Dictionary of National Biography, 1885-1900/Renouard, George Cecil
RENOUARD, GEORGE CECIL (1780–1867), scholar, born at Stamford, Lincolnshire, on 7 Sept. 1780, was youngest son of Peter Renouard (d. 1801) of Stamford, adjutant in the Rutland militia, by Mary, daughter of John Henry Ott, rector of Gamston, Nottinghamshire, and prebendary of Richmond and Peterborough. George entered St. Paul's school, London, in 1793, and in the same year, on the nomination of George III, was admitted on the foundation of the Charterhouse school. Thence, in 1798, he proceeded to Trinity College, Cambridge, whence, in 1800, he migrated to Sidney-Sussex. He graduated B.A. in 1802, and per literas regias M.A. in 1805, and B.D. in 1811. After obtaining a fellowship in 1804, he became chaplain to the British embassy at Constantinople. In 1806 he returned to England, and served as curate of Great St. Mary's, Cambridge. From January 1811 to 1814 he was chaplain to the factory at Smyrna. During his residence there he discovered on a rock near Nymphio a figure which he identified with the Sesostris of Herodotus. His priority of discovery was afterwards disputed, but it was finally vindicated by Dr. L. Schmitz in the ‘Classical Museum,’ No. 2, pp. 232–3. In 1815 he returned to Cambridge to fill the post of lord almoner's professor of Arabic, which he held till 1821. For a time he also acted as curate of Grantchester, near Cambridge, but in 1818 was presented to the valuable college living of Swanscombe, Kent. While at Smyrna in 1813 he baptised John William Burgon, with whom in after life he was very intimate. He looked over the manuscript of Burgon's prize essay on ‘The Life and Character of Sir Thomas Gresham,’ and publicly read the essay at the Mansion House, London, on 14 May 1836. Burgon corresponded with him, 1836–52, and dedicated to him his ‘Fifty Smaller Scriptural Cottage Prints’ in 1851. Renouard died unmarried at Swanscombe rectory on 15 Feb. 1867, and was buried in Swanscombe churchyard on 21 Feb.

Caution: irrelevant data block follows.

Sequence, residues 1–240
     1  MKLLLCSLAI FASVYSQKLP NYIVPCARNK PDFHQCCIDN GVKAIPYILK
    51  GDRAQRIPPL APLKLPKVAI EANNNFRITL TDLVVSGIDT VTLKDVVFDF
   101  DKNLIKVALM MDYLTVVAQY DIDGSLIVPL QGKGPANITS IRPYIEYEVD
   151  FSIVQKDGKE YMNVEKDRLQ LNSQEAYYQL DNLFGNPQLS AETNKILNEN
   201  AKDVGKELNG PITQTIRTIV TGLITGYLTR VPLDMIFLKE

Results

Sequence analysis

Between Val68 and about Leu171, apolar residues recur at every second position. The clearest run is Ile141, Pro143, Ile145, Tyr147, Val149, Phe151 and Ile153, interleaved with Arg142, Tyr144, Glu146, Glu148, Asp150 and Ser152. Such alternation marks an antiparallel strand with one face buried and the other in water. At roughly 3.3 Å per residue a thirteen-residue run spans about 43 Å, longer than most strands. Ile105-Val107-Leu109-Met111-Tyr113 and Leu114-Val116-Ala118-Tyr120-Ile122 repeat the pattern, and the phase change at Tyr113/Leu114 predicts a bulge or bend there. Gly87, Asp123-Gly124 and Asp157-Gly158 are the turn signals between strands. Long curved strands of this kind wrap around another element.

Renouard was an admirable classical scholar, was acquainted with French, German, and Italian, and gained during his sojourn in the East an intimate knowledge of the Arabic, Turkish, and Hebrew languages. Although his publications were few, he obtained a wide reputation as a linguist, geographer, and botanist. During the forty-nine years that he resided at Swanscombe he maintained a voluminous correspondence with the most distinguished orientalists and geographers of Europe, and was an industrious contributor to the journals of learned societies. For the British and Foreign Bible Society he corrected the proofs of the translations of the scriptures into Turkish and other eastern languages. He was a leading member of the translation committee of the Royal Asiatic Society, to which he was elected in 1824, revising many of its publications. His paper on the language of the Berbers was communicated to the society in 1836 (Journal, 1836, iii. 131–160). From 1836 to 1846 he was honorary foreign secretary of the Royal Geographical Society, and actively interested himself in the Syro-Egyptian and Numismatic Societies. In the ‘Encyclopædia Metropolitana,’ third division, ‘History and Biography,’ he contributed to the ‘History of the Roman Republic,’ 1852, chapters vii., viii., and x., and to the ‘History of Greece, Macedonia, and Syria,’ 1852, chapter iii.
[Gent. Mag. April 1867, pp. 535–7; Proceedings of Royal Geographical Society, 27 May 1867, p. 188; Goulburn's John William Burgon, 1892, i. 51–5, ii. 21, 423, 426.]